Is there anyway to extract a tar.gz file faster than tar -zxvf filenamehere?

We have large files, and trying to optimize the operation.

  • 2
    Are you finding that the $ tar -zxvf method is IO or CPU bound? – EEAA May 18 '11 at 4:07
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    Believe CPU, how can I check though? – Justin May 18 '11 at 4:11
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    Not directly related, but 'z' hasn't been required since 2004/tar v1.1.5 gnu.org/software/tar/#TOCreleases :) – JamesHannah May 18 '11 at 12:06

pigz is a parallel version of gzip. Although it only uses a single thread for decompression, it starts 3 additional threads for reading, writing, and check calculation. Your results may vary but we have seen significant improvement in decompression of some of our data sets. Once you install pigz the tar file can be extracted with:

pigz -dc target.tar.gz | tar xf -

  • 11
    +1. FWIW, you can also write that as tar -xvf --use-compress-program=pigz filenamehere. (-z amounts to --use-compress-program=gzip.) Alternatively, you can even make gzip be a symlink to pigz, and keep using -zxvf. – ruakh Nov 19 '12 at 22:36
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    @ruakh, I had to put -xf after --use-compress-program=pigz, or I got an error. For some reason, it was no faster than using gzip though. – jonderry Mar 7 '15 at 22:39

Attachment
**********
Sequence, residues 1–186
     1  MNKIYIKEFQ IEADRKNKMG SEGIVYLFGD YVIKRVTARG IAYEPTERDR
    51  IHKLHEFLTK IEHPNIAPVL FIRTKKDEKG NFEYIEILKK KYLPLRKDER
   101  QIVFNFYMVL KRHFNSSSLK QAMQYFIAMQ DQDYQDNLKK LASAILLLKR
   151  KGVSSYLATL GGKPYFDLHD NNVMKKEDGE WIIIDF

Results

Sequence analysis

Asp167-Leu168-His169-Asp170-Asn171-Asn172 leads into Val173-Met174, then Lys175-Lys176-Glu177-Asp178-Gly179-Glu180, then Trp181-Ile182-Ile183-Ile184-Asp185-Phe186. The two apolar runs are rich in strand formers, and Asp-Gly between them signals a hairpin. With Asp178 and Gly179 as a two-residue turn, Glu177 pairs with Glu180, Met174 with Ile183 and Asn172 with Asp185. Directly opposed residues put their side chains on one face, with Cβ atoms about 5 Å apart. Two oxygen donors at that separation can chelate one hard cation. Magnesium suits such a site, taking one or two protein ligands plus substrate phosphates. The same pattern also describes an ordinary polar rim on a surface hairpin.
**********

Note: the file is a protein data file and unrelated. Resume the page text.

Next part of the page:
• For bzip2 there is pbzip2 (p for parallel). tar --use-compress-program=pbzip2 -xvf file.tar.bz2. – alfC Sep 22 '15 at 17:56
  • Is there a way to use the pv command to show progress, or an equivilant, while also using the --use-compress-program=pigz flag? During compression, I can do gnutar --use-compress-program="pigz | pv" -cf target.tar.gz YourData, but not sure how to do this during untar/uncompression. – Stefan Lasiewski Jul 11 '18 at 0:57

if there are many many many small files in the tar ball, cancel the ‘v’ parameter, try again!

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    I never use -v param. Don't know why people need that much noise in console. – Eimantas May 18 '11 at 5:04
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    @Eimantas When you untar something that contains many multi-gigabyte files, you will want some indication of progress. :) – Michael Hampton May 18 '13 at 16:08
  • @TimHughes: that's really great to know, please post as a separate answer! – smci Nov 28 '17 at 9:59
  • Michael Hampton if you have a multi-gigabyte files but mixed with a big lists of small files you have a good reason to do not use -v, in my local tests it makes tar very slow specially if you have tar running in a remote server via terminal, what i do is to watch du -s directory so i can watch the directory growing... – Luciano Andress Martini Mar 13 '18 at 19:21
  • It might be worth using --checkpoint=NUMBER (display progress messages every NUMBERth record) instead of -v. – Stefan Lasiewski Jun 21 '18 at 18:42

If you want to see progress use something like pv. Here is an Example:

pigz -dc mysql-binary-backup.tar.gz | pv | tar xf -

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